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Pregnancy Food Safety

Eat a low-risk diet during pregnancy

Awareness of safe food-handling practices and other food safety during pregnancy is very important to maintain your and your unborn baby's optimal health. Many of principles of food safety that apply to individuals apply similarly to pregnant women; for example, that organic produce can be healthier because it contains fewer chemicals than traditionally grown produce, or that meat must be cooked to an adequate internal temperature in order to be safe to eat. A healthy pregnancy diet consists of a wide variety of foods, but there are also some foods and preparation methods that are best avoided.

Pregnancy and Seafood

The debate is ongoing about whether, or how much, seafood during pregnancy is all right. Fish provides important nutrients like protein, iron and omega-3 fatty acids, and while they may disagree on the ideal number of weekly servings (some say two, some say more), many experts do agree that low-mercury, fully cooked fish, such as salmon steak or canned light tuna, can and even should be part of a healthy diet during pregnancy.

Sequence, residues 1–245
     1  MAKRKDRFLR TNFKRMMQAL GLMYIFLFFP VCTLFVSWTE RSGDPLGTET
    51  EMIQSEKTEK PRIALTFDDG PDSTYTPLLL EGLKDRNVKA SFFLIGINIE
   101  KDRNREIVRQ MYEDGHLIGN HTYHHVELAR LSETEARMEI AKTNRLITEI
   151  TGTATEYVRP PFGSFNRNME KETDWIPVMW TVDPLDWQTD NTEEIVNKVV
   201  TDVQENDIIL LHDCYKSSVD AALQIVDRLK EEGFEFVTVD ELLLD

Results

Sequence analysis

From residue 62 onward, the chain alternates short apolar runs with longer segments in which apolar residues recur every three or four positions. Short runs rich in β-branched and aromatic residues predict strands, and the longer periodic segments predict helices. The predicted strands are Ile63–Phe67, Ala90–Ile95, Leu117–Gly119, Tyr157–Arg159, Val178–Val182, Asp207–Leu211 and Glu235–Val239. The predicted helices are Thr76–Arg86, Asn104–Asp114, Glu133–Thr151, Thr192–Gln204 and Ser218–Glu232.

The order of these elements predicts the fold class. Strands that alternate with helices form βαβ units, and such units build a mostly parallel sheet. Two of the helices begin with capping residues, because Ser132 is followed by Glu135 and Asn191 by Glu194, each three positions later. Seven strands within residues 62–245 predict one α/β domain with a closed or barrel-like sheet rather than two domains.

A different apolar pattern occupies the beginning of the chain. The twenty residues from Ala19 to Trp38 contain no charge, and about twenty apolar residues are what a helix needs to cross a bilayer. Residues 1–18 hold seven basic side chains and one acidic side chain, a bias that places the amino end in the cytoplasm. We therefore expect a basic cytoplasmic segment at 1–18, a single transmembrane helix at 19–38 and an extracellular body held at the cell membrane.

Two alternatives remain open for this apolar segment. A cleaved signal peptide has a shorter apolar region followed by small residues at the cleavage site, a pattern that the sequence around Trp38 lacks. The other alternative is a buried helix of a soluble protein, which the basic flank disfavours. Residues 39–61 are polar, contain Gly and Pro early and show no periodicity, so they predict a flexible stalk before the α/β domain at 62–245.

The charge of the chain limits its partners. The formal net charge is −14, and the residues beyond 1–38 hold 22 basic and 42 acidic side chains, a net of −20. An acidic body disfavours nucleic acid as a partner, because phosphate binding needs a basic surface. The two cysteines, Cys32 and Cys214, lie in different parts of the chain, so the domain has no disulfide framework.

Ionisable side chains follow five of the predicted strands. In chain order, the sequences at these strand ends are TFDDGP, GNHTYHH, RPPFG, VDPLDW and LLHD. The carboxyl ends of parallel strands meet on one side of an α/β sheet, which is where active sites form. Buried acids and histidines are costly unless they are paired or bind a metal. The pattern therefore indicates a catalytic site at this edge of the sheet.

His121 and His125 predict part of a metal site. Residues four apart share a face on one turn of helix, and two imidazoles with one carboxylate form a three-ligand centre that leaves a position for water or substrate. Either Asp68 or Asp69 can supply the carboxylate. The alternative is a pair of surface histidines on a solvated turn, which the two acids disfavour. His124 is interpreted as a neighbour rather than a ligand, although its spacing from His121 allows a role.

High-mercury fish like swordfish and shark, on the other hand, should not. Sushi is also off the menu, as raw fish carries the potential for bacterial infection, and so are smoked-fish products such as lox (smoked salmon).

Avoiding Food Poisoning during Pregnancy

There are many different kinds of food poisoning, some much more dangerous than others, and you simply can't guarantee that every bite you eat during your pregnancy will be completely free of bacteria, parasites, viruses, chemicals and toxins. Many cases of food poisoning, however, result from bacterial infection, so you can follow some pregnancy food safety guidelines to minimize your risk:

  • Nix the nigiri. As noted above, raw fish can carry unsafe bacteria.
  • Never cross-contaminate. One cutting board and knife for fruits and vegetables, one for meat -- raw meat or anything that touched it should not touch produce. Be especially careful with how you handle raw chicken.
  • Eat in. Not that you can't go out to eat, and not that many restaurants aren't very particular about their food preparation methods, but if you make eating out the exception instead of the rule, and choose to make most of your meals home-cooked fare, then you will have more control over food-poisoning factors like cooking temperature and cross-contamination. And you will probably eat more healthfully, as well, since restaurant meals don't have the best reputation when it comes to saturated fat and empty calories.
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